A PROTECTIVE MOTHERS ALLIANCE NEWSLETTER
"Ensuring the rights of children and protective mothers in family court."
Dear Protective Mothers and Allies,
Welcome to the second edition of the Guardian of Truth (GOT).
In this issue, Lundy Bancroft will be put "Under the Microscope" and interviewed "Hollywood Style." In addition, Attorney Richard Ducote will share valuable information and so much more! We have received positive feedback about GOT and we thank you for your support.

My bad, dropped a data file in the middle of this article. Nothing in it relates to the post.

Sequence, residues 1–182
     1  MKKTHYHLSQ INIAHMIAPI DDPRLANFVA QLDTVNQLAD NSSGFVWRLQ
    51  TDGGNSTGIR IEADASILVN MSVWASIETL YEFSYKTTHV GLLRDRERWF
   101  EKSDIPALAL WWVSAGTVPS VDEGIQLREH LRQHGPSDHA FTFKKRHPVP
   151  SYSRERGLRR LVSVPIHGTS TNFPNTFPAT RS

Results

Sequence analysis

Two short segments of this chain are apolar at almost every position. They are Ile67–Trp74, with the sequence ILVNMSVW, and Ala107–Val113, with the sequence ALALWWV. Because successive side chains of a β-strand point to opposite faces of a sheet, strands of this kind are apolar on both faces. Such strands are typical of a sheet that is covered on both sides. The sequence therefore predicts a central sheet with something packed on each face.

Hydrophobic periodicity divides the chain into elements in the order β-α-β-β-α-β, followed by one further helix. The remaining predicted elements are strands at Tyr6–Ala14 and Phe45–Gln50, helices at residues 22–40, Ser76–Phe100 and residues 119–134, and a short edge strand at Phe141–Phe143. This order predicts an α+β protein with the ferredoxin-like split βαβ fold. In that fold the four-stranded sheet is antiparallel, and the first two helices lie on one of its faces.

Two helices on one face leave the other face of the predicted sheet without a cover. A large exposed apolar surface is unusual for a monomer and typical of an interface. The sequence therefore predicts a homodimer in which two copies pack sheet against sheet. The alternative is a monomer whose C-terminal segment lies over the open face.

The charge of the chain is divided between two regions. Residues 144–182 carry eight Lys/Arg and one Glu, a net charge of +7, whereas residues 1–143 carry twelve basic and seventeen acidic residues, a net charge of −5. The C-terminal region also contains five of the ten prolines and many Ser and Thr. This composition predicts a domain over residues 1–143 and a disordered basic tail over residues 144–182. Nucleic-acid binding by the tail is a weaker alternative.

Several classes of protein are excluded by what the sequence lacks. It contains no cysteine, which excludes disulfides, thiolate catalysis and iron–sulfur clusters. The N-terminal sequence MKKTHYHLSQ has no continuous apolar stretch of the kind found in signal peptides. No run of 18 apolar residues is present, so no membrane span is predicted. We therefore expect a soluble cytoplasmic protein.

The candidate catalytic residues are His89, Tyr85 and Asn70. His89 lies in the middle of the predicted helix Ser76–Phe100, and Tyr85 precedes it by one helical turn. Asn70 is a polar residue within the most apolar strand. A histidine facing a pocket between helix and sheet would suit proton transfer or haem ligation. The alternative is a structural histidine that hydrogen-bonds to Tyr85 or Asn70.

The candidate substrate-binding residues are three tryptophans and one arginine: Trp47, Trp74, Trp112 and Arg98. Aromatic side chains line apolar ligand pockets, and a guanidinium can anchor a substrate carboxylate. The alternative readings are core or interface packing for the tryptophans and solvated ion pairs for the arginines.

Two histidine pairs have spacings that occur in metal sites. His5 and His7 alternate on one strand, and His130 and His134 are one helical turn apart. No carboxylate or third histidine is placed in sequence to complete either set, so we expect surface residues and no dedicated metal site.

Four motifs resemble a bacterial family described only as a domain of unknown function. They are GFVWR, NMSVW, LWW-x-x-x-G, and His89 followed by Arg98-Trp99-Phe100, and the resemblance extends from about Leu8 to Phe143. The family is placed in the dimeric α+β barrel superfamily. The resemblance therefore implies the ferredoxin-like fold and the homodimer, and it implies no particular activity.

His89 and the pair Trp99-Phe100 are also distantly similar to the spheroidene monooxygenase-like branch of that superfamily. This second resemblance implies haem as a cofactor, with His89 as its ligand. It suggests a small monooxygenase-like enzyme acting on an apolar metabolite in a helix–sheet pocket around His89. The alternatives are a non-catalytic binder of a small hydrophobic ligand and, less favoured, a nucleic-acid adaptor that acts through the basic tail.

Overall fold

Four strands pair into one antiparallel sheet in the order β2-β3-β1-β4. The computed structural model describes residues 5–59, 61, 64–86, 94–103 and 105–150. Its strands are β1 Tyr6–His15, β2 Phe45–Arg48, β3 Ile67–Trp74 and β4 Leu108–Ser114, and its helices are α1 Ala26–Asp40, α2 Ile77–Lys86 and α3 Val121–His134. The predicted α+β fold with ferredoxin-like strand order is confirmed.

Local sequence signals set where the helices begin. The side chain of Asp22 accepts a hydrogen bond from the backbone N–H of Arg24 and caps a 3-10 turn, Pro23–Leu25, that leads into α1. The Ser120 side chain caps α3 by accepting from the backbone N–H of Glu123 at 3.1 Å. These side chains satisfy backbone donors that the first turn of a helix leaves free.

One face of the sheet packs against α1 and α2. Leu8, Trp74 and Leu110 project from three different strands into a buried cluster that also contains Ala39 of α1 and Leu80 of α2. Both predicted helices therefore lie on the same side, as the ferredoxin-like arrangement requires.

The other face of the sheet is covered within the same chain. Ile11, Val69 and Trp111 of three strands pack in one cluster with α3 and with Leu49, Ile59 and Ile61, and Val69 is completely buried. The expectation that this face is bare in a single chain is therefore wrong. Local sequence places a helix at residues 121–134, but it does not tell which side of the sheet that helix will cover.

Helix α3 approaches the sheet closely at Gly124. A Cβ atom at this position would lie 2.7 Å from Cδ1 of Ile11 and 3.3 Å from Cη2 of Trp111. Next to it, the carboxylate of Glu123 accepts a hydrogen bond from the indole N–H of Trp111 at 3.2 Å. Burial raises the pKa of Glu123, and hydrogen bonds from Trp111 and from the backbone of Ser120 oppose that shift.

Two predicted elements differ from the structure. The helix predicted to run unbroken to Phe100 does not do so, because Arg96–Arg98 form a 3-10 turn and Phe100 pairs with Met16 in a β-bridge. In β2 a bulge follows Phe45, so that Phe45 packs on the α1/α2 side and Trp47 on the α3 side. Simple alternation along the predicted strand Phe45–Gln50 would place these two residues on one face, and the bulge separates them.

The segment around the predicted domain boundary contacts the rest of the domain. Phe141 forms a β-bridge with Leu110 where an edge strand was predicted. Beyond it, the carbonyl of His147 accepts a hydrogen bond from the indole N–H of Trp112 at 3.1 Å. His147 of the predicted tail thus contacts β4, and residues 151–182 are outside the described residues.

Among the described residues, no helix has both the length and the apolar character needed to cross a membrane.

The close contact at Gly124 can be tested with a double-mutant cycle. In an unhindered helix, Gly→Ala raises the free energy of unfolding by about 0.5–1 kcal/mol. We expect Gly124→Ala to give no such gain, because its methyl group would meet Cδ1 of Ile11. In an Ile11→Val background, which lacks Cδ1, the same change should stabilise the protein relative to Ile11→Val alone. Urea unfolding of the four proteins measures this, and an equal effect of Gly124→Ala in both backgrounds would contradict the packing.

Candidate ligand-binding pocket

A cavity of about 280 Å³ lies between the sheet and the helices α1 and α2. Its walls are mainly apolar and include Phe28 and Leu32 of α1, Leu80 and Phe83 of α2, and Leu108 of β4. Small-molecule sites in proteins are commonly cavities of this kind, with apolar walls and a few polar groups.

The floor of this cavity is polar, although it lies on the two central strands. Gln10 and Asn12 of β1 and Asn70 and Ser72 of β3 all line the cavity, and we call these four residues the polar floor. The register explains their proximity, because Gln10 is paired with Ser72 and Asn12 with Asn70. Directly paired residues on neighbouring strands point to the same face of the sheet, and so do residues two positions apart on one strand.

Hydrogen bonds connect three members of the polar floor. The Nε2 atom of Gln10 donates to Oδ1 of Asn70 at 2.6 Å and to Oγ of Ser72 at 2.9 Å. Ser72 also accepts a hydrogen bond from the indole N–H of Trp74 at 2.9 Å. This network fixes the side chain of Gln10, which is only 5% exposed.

The Guardian of Truth is a newsletter produced by Protective Mothers Alliance, which is an international organization co-directed by Lundy Bancroft & Janice Levinson who are working together to bring about change through local grassroots organizing of mothers, education, legislation reform, and enforcement of current legislation. PMA supports the efforts of protective moms in keeping themselves and their children safe from the abuse of a former partner, and in empowering these moms to become advocates for themselves, their children, and others. PMA is committed to bringing about dramatic reforms in the treatment of protective moms and their children in family court. GOT's mission is to report positive actions taken for change in family court by PMA, other advocates, and advocacy groups. We also report newsworthy items as they relate to family court issues. Our intention is to build bridges of action and communication between protective mothers, advocates, advocacy groups and professionals; the ultimate goal being to move together in the same direction towards change. While we try to maintain an upbeat attitude, we realize the seriousness of these issues, which is family court corruption and abuse. By no means do we minimize the devastation that the courts have caused; in fact, for most of us at PMA, we have lived it. All of us at PMA hope that you enjoy this issue of GOT and find it informative, inspiring and entertaining.